The Inspection Reports you mentioned can be found in the O.R. This seems to be random and performed on units not on campaign. Goal of the inspection was to grade units under question on Confederate Regulation compliance, the spirit of the unit, and the mental ability of the unit's officers. It seems they were used when ever a commander had suspicions of defects in units under his command, or whenever the commanding officer required status on the abilities of the officers under him. It also seems this inspection was a surprise and unannounced to the unit under inspection. I found an Inspection Report on General Hood in 1862 and the Adjutant-General on reporting duty gave General Hood failing report (not good for the career). The O.R. has examples of failing units reporting the reasons for failure. This type of Inspection would not have occurred on a regular basis.
I also looked up personal arms in the O.R.
1. The Confederacy offered civilians money for any private arms they would sell to the Confederate Government, those arms would then be Confederate property and sent to arsenals for modification for military service.
2. The Confederacy offered to pay for the private arms of enlisting soldiers, upon enlistment, making those arms Confederate property. If the enlisting soldier decides to retain ownership of the private arm, he was paid $1.00 a month for the use of the weapon. (Public Laws of the Confederate States)
3. The Confederate Government and State Governments offered to issue ammunition to soldiers who would serve with privately owned arms. Also Confederate Cavalrymen enlisted with their private horses. The Confederate Government shoed and fed their privately owned horses, but the troopers retained ownership, and were compensated in full for the loss of the horse.
In the Confederate Army Regulations...Ordnance
4. The Confederate Ordnance Department would issue arms to...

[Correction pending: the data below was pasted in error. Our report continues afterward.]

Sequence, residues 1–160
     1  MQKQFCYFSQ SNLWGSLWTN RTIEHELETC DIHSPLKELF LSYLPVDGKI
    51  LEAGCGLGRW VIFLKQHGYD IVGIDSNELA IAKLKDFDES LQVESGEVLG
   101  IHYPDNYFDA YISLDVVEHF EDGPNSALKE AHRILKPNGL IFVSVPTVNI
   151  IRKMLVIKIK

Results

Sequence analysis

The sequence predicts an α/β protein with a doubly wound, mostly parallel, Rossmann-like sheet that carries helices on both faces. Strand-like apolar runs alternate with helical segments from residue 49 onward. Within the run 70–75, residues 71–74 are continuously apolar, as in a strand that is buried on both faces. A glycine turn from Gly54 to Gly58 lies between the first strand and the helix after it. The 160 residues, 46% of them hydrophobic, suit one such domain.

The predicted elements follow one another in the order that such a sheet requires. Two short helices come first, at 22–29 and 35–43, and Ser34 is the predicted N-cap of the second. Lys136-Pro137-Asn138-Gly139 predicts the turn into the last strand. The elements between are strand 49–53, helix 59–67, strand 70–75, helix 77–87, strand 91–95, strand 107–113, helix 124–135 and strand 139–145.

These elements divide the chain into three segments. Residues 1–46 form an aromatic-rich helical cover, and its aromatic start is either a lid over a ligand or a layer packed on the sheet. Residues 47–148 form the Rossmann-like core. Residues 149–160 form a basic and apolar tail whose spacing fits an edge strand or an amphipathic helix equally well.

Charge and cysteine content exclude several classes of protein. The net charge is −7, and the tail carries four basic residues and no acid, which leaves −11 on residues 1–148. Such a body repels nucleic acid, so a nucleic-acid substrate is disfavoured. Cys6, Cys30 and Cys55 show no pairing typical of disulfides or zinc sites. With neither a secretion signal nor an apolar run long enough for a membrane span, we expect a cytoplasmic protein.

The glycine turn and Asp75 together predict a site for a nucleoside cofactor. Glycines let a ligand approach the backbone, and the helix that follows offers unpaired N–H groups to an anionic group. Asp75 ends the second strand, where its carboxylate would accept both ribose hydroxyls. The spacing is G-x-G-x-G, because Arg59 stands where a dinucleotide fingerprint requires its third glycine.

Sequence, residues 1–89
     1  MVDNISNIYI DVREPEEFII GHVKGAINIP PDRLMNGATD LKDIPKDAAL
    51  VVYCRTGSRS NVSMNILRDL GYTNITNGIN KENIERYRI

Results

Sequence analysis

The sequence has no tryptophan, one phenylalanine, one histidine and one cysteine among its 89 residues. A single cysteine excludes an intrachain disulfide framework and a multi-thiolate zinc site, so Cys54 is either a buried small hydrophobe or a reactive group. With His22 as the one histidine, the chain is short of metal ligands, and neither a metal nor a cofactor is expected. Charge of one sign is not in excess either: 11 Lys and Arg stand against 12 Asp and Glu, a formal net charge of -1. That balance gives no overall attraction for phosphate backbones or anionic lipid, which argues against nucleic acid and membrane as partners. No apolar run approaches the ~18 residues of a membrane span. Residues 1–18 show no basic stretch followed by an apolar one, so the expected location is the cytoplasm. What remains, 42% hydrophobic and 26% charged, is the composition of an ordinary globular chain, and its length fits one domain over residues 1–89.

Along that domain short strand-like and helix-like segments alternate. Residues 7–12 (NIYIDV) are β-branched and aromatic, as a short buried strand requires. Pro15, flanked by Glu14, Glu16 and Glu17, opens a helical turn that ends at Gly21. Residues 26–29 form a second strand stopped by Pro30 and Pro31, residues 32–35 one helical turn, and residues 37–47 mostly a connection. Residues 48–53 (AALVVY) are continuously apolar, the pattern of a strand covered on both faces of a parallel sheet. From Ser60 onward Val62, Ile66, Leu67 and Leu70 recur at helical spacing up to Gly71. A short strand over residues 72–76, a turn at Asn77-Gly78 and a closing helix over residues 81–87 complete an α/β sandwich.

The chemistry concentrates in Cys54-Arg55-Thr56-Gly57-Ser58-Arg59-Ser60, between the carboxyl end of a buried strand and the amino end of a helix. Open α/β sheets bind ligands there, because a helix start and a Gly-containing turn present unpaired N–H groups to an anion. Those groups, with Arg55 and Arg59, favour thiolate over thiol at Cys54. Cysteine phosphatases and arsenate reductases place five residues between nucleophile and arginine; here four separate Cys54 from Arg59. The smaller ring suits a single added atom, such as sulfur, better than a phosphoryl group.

a. Confederate units that had requested arms, ammunition and equipment to the Confederate Ordnance Dept.
b. State and militia units that were under Confederate service for less than 12 months and needed additional arms, and equipment to supplement their state issue arms and equipment. After their release from Confederate service all Confederate issued equipment would be returned to the Confederate Ordnance Department. Any lost or damaged Confederate equipment would be paid for by the soldier issued to.
5. All Confederate arms, equipment and ammunition were issued to a special officer in each company who was responsible for that equipment. Each arm issued to a regiment would be marked with the number of that regiment.
6. The issuing officer of arms, equipment and ammunition in each company would have each soldier sign for any issued and it noted in their pay records.
a. All issued equipment, arms and ammunition would be returned to the company issuing officer to be placed back into the pool of ordnance when a soldier...
- was transferred to a different unit.
- went to hospital
- went on furlough
- was relieved from duty within that company
b. If any issued Confederate arms, equipment or ammunition were lost or destroyed, a report must be made as to why. If the soldier was found at fault, the soldier's pay would be deducted by the value amount of the loss.
c. All privately owned items of a deceased soldier was collected and sent to his home or money for the value of each item sent to his home or family. (this means any private arm would have to be sent home or cash value for that arm was sent home.)
In the O.R...
7. Private arms, belonging to enlisted men, were found in many surrendering Confederate units. Those private arms were usually required to be surrendered with all public (Confederate or State) arms. I did find at least one surrender term stating Confederate enlisted men could keep their private arms but had to surrender all public arms.
8. The State of N.C. had an issue with its soldiers being transferred into Confederate Service and their state arms and equipment being put into Confederate Ordnance inventory. N.C. wanted the arms and equipment issued by that state returned to that state.
9. Confederate cavalrymen in the west did have chances to buy private arms.
Louisiana cavalryman Edwin Fay wrote home in April 1862, "I bought me a large sized Colt's revolver which I paid $55 as I was determined to be as well armed as any of the company and if I could buy another I would do it to carry in my holsters." In November 1863 he wrote home:
"Did I tell you about some body stealing my pistol, belt, cap box and all? I had $1.50 waterproof caps that I was going to send. The pistol was worth $125.00. So you see I had some bad luck. If I come over I shall buy me another, if not don't want any. Shall send a Smith's patent [carbine] by Lt. Watkins if I cannot exchange it for a Maynard." This Infernal War: the Confederate Letters of Sgt. Edwin H. Fay. [1st Sergeant, Capt. Webb's Company, Louisiana Cavalry]